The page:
Tech retailer b8ta partners with Google
Consumers will soon be able to test Google’s smart home products before they buy them.
Google is partnering with b8ta to open interactive, home-like vignettes in b8ta flagship stores in Houston; San Francisco; Austin, Texas; Corte Madera, Calif.; Tysons Corner, Va. The vignettes will also be rolled out in two upcoming b8ta locations due to open later this year, at The Mall at Short Hills, Short Hills, N.J., and Scottsdale, Arizona.
The stores will feature special demos of Google’s Home products placed in vignettes modeled after various rooms found in any home – from a living room to a kitchen – to allow shoppers to test different Google Assistant commands and see how the products work in a relatable environment.
“We are pleased that Google has chosen b8ta as an experiential retail partner,” said Vibhu Norby, CEO of b8ta. “With our history of demonstrating connected devices to millions of customers, and our singular focus as a retailer, on teaching and not selling, we believe we’ve created the ideal environment for learning about Google’s Home products,” said Vibhu Norby, CEO of b8ta.”
This year has proved a busy one for b8ta. In April, it launched an initiative, called Built by b8ta, to help emerging brands open stores with minimal effort using its “retail-as-a-service” model. Under the arrangement, b8ta takes care of everything, from landlord negotiations and store set-up to providing a state-of-the-art, data-driven technology platform.
And in June, Macy’s announced it had taken a minority stake in the company and would leverage b8ta’s software platform to expand The Market @ Macy’s, pop-up shop marketplace format.
B8ta, founded in 2015 by a group of Nest alumns, has 11 freestanding locations. The stores give consumers a hands-on demonstration of cutting-edge tech products, many from emerging brands. The business model is unusual: Instead of earning revenue from product sales, b8ta leases space in its stores to the product makers, who pay a monthly subscription fee to b8ta.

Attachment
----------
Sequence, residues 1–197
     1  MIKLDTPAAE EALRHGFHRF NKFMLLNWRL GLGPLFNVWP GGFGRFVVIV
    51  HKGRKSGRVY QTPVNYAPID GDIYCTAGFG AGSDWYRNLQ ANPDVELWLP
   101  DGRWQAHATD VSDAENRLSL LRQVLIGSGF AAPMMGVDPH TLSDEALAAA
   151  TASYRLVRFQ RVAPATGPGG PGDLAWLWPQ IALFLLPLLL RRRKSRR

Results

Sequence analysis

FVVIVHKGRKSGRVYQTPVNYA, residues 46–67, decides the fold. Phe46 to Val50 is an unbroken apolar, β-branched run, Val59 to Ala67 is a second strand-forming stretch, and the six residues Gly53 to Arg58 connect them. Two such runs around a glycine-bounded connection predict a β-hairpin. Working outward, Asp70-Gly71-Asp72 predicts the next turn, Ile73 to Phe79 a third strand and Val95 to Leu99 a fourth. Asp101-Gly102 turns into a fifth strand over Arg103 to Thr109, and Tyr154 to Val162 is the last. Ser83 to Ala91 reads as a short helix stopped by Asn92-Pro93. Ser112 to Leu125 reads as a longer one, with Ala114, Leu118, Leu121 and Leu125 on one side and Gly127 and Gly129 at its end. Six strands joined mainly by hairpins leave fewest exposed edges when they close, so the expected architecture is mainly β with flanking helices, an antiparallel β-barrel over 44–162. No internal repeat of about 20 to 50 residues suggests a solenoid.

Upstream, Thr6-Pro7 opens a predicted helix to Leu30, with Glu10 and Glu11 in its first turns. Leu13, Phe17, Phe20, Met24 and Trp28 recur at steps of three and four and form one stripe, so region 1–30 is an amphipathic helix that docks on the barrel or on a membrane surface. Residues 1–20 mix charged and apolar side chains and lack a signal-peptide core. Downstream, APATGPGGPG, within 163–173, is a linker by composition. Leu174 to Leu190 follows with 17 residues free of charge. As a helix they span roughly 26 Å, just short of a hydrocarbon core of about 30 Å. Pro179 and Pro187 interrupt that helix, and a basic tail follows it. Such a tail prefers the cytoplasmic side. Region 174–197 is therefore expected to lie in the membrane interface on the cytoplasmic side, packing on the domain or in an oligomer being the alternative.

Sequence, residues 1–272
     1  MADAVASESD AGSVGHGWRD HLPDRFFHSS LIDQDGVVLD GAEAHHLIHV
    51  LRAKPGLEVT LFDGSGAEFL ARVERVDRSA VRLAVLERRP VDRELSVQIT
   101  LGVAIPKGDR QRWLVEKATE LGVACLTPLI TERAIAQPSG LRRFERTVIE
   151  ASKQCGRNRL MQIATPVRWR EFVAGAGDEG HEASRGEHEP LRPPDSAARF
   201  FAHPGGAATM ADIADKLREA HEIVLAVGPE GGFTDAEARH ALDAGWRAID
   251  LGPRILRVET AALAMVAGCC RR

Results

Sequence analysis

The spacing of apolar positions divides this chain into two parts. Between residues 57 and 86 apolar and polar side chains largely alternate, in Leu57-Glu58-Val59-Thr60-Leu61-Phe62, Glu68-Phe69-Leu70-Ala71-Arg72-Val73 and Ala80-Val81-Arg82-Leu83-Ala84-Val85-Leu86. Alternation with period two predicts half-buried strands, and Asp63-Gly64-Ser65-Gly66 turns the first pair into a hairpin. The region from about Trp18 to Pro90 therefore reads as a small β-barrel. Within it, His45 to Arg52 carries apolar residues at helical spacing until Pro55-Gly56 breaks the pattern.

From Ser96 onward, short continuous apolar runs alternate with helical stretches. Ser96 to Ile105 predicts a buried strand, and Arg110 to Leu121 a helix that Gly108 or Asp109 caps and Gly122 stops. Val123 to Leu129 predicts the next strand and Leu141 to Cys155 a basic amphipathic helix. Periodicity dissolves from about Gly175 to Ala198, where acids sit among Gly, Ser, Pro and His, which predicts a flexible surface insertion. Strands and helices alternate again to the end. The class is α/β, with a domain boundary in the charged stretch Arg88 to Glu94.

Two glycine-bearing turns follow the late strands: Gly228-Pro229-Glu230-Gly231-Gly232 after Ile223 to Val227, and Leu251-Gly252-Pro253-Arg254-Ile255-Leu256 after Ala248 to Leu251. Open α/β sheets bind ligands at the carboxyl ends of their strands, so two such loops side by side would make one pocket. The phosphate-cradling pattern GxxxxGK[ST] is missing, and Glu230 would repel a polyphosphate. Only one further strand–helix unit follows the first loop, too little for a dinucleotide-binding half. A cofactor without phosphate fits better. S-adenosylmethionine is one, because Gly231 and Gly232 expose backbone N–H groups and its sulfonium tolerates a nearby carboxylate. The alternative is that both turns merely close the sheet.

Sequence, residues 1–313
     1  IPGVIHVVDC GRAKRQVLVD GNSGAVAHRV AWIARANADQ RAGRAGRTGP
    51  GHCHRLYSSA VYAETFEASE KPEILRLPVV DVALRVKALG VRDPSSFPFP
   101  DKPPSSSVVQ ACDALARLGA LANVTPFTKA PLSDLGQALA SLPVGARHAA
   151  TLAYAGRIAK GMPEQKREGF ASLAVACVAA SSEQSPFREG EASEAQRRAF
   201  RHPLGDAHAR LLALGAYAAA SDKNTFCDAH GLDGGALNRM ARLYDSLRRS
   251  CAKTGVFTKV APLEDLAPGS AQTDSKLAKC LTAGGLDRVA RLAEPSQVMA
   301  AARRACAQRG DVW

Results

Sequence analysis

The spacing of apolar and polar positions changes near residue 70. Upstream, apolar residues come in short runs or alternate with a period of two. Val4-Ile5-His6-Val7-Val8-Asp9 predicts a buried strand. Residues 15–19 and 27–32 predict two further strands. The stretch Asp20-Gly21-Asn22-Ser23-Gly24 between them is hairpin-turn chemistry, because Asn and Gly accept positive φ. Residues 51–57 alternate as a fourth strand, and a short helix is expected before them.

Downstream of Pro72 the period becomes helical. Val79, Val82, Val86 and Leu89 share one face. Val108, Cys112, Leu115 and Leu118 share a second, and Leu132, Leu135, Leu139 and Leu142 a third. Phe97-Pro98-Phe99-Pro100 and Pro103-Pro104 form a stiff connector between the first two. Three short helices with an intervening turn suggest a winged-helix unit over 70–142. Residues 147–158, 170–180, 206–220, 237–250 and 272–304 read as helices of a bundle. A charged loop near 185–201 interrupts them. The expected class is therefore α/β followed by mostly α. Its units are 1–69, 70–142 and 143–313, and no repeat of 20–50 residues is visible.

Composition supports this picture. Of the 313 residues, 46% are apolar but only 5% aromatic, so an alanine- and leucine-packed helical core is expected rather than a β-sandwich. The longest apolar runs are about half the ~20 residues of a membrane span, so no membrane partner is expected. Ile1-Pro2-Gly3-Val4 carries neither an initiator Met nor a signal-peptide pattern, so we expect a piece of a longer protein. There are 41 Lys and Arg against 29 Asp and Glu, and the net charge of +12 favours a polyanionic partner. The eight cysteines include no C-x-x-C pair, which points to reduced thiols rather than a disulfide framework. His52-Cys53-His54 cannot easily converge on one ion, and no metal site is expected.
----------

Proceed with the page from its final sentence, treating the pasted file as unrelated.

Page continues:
Tech start-up opens cashierless demo store to rival Amazon Go
Another tech company has opened a temporary retail outpost in San Francisco to show off its cashierless technology.
Artificial intelligence technology provider Standard Cognition has opened a “proof-of-concept” convenience store in San Francisco that allows consumers to shop and pay without scanning merchandise or stopping to check out. The nearly 2,000-sq.-ft. shop, called Standard Market, sells basic c-store items. It is open to the general public and will remain open indefinitely. Plans call for expanded hours and new features to be added during the coming weeks. Later this year, customers will have the option to pay without the app, using cash or credit card.
Here’s how the system works: Customers download the Standard Checkout app from Apple’s App Store or Google Play. Entering the store, customers check in through the app, select items from the shelves, and pay electronically through a credit or debit card stored within the app. Customers receive an electronic receipt following their visit.
The system correctly matches items to the right shopper, and detects when a shopper returns an item to a shelf or inserts it in a bag or pocket. There is no scanning required, for a frictionless experience.
Standard Cognition will use the store as a testing ground for its system’s scale and new features. For example, the store uses overhead cameras to monitor customer movement and behavior, eliminating the need for biometrics, and keeping shopper identities anonymous. Data can be used to improve retail operations, including better targeting flash sales, according to the company.
“The public opening of our Standard Market store is the culmination of nearly two years of work by the Standard team,” said Jordan Fisher, co-founder and CEO of Standard Cognition. “We’re excited to be able to welcome customers to the Standard Market, and give shoppers a glimpse of the future of retail.”
Standard Market’s debut comes on the heels of tech company Zippin opening its own “proof of concept” cashierless store in San Francisco. The Zippin outpost, which is currently open only through private invitation, sells a sells a variety of healthy snacks, prepared packaged lunch items and drinks.
Meanwhile, Amazon Go opened the doors to its third cashier-less convenience store on Monday in Seattle. And Walmart is launching a new Sam’s Club concept store that is focused on fresh foods and digital technology. -The new 32,000 sq. ft., technology-driven store location, which will set up shop in Dallas, will feature the company’s Scan & Go mobile self-checkout system, and digital signage.